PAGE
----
Looking for a PC? Have You Met Lenovo?

Lenovo, the Chinese company that purchased IBM’s ThinkPad and ThinkCentre notebook and desktop division last year, is hardly a household name in the U.S. But in a move to boost its brand awareness, the company just launched the Lenovo 3000 family of products — the first Lenovo-branded computers outside of China.

According to Forrester Research, Lenovo owns 30 percent of the Chinese PC market — but as IDC notes, only 7.4 percent of the overall global market, trailing behind Dell and HP. And so the company hopes that broadening its product portfolio with the 3000 line will help it to reach a new audience.

The 3000 family consists of both notebooks — the Lenovo C Series — and desktops — the Lenovo J Series. Company executives said that the 3000 family is designed to complement both the existing ThinkPad and ThinkCentre brands.

Lenovo's C100 notebook
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Craig Merrigan, Lenovo’s vice president of marketing strategy and design, distinguished the Lenovo-branded product line from its Think-branded cousins, calling the ThinkPad “CEO-worthy” and “the ultimate business tool,” while saying the 3000 line provides “great value and worry-free computing in an exciting, stylish design.”

He added that smaller companies typically lack the IT staff and resources to maintain their computers. “Small business owners want PCs and tools that enable their business,” said Merrigan. “They do not want to manage them.”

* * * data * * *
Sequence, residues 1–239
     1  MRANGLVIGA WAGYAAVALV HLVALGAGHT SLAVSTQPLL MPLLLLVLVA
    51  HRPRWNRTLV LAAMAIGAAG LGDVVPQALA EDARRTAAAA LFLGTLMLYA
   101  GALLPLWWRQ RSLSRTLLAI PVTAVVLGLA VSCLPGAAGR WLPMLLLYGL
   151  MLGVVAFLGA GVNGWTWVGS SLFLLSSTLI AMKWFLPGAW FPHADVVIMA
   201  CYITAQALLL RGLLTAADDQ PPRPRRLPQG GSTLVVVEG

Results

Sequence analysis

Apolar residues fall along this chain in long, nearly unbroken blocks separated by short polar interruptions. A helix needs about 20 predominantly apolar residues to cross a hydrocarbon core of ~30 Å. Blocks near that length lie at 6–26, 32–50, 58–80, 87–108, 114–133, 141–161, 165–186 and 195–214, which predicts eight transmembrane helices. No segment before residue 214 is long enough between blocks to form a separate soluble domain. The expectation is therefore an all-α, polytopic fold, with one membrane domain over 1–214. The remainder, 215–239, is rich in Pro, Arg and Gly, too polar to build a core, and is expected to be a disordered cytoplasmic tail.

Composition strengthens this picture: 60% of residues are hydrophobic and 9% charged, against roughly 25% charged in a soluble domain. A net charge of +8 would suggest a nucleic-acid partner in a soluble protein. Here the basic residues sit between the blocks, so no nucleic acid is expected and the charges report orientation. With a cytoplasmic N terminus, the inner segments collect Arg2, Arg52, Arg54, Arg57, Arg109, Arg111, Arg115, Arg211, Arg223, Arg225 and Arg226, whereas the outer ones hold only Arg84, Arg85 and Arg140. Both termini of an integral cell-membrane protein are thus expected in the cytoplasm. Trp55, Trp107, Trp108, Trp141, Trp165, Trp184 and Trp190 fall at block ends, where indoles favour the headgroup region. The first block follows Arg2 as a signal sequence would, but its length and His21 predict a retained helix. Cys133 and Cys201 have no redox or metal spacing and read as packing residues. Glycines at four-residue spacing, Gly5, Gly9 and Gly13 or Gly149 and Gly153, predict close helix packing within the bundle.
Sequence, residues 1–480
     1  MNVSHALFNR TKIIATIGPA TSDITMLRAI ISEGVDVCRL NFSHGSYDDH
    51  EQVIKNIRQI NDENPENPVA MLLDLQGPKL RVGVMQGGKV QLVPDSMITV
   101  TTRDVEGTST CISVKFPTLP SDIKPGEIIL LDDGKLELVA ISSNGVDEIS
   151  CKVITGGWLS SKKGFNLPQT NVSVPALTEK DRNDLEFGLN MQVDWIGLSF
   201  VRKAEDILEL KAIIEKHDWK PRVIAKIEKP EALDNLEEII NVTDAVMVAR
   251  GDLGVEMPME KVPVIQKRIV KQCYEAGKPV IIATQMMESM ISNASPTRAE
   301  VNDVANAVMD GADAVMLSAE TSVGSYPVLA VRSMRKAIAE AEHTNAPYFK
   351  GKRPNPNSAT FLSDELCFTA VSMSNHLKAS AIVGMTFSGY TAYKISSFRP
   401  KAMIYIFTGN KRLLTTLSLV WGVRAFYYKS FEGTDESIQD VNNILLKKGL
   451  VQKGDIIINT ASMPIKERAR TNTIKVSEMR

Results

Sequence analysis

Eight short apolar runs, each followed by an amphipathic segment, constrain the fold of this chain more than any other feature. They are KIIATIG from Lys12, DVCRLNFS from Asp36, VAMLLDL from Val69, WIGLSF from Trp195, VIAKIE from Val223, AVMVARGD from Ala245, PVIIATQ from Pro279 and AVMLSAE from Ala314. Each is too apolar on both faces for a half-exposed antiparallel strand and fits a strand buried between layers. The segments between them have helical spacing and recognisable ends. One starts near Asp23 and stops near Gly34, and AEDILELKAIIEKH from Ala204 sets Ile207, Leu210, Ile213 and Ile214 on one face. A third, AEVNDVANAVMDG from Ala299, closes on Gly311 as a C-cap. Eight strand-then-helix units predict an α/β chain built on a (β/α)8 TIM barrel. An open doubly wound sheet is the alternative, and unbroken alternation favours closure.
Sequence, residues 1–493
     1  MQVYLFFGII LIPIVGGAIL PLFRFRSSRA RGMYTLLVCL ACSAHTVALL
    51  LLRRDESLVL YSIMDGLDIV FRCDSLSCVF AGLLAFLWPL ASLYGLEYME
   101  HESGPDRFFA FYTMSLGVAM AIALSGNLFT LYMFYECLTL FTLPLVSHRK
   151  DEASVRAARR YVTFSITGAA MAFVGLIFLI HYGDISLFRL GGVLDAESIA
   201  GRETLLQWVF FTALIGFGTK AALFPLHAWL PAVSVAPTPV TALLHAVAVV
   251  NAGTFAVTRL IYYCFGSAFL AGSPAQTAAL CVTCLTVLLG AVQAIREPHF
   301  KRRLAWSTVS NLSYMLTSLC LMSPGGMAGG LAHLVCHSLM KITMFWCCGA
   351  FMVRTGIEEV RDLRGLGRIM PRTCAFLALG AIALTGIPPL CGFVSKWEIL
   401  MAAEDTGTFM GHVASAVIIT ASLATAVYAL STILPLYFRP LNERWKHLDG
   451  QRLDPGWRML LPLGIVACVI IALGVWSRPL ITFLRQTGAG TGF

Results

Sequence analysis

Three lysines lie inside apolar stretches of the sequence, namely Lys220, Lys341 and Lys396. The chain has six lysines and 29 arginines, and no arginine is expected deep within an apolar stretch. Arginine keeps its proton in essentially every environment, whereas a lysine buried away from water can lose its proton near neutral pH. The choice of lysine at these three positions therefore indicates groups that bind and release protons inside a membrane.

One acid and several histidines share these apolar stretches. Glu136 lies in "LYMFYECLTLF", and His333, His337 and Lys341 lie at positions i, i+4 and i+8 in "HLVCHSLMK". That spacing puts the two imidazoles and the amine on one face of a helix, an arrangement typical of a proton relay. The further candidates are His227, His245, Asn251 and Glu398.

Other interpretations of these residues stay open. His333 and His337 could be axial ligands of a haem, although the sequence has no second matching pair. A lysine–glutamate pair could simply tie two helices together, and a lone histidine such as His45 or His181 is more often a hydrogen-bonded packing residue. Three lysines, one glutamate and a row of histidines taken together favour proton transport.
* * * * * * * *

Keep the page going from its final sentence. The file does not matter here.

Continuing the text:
Both the new desktop and notebook series feature Lenovo Care productivity tools, which are designed to relieve maintenance and service worries through automating onerous but necessary tasks. These include a one-button system recovery (from problems caused by viruses and malware), critical software updates.

Lenovo's C100 notebook
Click here for a larger image.

Executives noted that the C Series notebooks will feature a choice of either Pentium M or Celeron M processors while the J series desktops will offer Penitum 4, Celeron D and, in a move to offer customers a wider range of price options, AMD Sempron or Athlon processors.

The first — and currently available — notebook in the C Series, the C100, is 1.3 inches thick, weighs in at 6.2 pounds and offers a range of connectivity features including integrated wireless 802.11 a/b/g capability, optional Bluetooth, 10/100 Ethernet and a modem. It also sports a 15-inch display, integrated combo or DVD recordable drive, a three-in-one multi-card reader, four USB ports, Firewire and S-video. Pricing starts at $599.

Lenovo plans to release a widescreen model, the N Series, with 14.1 and 15.4-inch displays in March and an ultra-portable version, the V Series, sometime during the second quarter.

The J100 and J105 desktops will be available in a range of configurations and feature what Lenovo calls a “modern design silhouette and curvilinear components,” SATA drive support and optional accessories including the ThinkVision USB SoundBar and a ThinkPlus preferred Pro USB FingerPrint keyboard. Pricing starts at $349 and $499.

As for software, Lenovo plans to include Windows XP Pro (or Home), Google’s ToolBar, Desktop Search and Picasa, plus a full version of Corel’s WordPerfect Office 12, CorelDraw and photo album features and Norton Internet Security.

Lauren Simonds is the managing editor of SmallBusinessComputing.com

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